The East Kimberley's sole cane grower says sugar is the only sensible choice for 15,000 hectares of irrigated farmland released under the Ord Stage 2 expansion.
Hoochery Distillery owner Spike Dessert has 3ha of cane grasses, just enough to keep the rum flowing, but his small crop is the biggest in WA.
Sugar cane crops were plentiful in the Ord Valley before the local industry collapsed five years ago.
The Ord Sugar Mill, established by CSR in 1995 and purchased by Korean company Cheil Jedang Corporation in 2000, folded under the weight of low world sugar prices in 2007.
Earlier this week, Premier Colin Barnett announced the Government's preferred developer for the Ord Stage 2 farmland was Kimberley Agricultural Investment, a wholly owned subsidiary of Chinese hotel company Shanghai ZhongFu Co, which would invest $700 million to re-establish sugar production in the East Kimberley.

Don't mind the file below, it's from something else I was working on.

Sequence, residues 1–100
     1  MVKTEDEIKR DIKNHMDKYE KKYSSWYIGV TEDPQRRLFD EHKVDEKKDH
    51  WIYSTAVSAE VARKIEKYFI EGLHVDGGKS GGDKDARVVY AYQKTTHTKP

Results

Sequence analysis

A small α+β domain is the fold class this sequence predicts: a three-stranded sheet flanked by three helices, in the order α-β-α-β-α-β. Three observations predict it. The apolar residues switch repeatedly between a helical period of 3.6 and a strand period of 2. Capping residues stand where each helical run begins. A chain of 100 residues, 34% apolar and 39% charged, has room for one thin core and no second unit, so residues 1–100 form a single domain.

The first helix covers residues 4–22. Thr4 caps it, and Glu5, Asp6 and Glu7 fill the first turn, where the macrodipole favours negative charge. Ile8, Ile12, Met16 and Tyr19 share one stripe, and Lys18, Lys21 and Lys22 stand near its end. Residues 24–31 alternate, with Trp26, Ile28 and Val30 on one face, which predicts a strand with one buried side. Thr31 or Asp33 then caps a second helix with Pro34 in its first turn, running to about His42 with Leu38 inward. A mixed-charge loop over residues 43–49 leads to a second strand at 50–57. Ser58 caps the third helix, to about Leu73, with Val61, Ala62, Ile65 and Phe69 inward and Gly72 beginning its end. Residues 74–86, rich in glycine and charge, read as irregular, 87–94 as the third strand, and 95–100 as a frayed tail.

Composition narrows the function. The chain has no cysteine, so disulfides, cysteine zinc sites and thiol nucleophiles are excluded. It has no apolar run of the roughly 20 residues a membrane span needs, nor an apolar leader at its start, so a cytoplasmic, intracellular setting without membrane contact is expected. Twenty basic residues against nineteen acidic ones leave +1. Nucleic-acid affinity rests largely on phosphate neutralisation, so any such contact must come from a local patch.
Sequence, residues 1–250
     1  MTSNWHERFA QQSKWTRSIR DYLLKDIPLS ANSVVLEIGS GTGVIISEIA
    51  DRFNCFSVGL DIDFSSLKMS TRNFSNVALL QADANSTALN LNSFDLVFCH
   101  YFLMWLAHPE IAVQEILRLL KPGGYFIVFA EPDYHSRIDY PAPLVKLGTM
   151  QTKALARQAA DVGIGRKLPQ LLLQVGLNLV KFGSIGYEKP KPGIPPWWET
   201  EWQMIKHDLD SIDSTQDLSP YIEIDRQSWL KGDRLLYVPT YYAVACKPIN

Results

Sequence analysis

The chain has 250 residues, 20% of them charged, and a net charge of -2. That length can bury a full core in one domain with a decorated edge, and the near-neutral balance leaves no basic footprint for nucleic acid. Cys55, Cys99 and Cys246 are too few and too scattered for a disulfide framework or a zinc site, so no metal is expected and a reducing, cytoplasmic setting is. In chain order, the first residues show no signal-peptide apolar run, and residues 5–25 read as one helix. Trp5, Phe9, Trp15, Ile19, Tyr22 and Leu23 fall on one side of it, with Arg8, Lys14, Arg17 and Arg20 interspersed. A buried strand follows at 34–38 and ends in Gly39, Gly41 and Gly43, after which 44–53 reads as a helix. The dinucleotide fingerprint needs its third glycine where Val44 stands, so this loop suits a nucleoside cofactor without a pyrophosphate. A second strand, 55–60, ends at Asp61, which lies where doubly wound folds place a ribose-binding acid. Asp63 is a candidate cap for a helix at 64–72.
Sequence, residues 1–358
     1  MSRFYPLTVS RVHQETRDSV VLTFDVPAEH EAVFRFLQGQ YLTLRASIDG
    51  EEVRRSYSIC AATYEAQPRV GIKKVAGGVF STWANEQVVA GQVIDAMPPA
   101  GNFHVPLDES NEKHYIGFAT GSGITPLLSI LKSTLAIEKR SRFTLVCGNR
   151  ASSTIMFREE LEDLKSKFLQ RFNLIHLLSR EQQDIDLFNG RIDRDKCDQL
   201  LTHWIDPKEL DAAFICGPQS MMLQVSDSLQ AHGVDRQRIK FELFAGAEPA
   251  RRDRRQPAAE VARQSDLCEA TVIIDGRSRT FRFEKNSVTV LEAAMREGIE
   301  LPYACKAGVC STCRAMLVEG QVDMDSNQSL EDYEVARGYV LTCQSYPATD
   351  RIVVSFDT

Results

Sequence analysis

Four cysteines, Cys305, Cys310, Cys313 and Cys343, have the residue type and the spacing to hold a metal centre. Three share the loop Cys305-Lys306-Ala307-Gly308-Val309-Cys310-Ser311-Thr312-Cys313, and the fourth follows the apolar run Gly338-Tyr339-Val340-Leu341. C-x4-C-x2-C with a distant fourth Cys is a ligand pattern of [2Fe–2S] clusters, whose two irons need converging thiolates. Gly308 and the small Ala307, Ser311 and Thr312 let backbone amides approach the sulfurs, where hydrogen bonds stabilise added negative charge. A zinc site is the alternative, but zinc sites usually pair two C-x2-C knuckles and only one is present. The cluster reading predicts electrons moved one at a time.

Mr Dessert, a Kununurra identity who arrived in the Kimberley in 1972, has seen a variety of broadscale crops, including cotton and sugar, come and go.
Despite the sour end to the region's last sugar mill, which recorded high yields until its demise, Mr Dessert has confidence in sugar as a broadscale crop for the Ord Valley.
"Sugar didn't fail (in 2007), the mill failed, there wasn't enough acreage to run the mill and a mill that size was less economical," he said.
"Now with a big mill and bigger acreage and a bigger pocket to start with, I think it's got a very good chance."
Mr Dessert said various crops had failed in the Ord Valley because of a combination of poor management and bad luck.
"We still grow very, very good sugar," he said.
"Some of these other crops, some have failed, but a lot of them it was not the plant that failed as much as the management failed, or the situation in markets (changed) which nobody has control over."
With cotton and sandalwood as alternatives, Mr Dessert said Shanghai ZhongFu's sugar proposal was the "only decision" the State Government could have made for the Ord Stage 2 land.
He expected the company would hire local people, including former sugar farmers, with hands-on knowledge about growing sugar cane in the East Kimberley.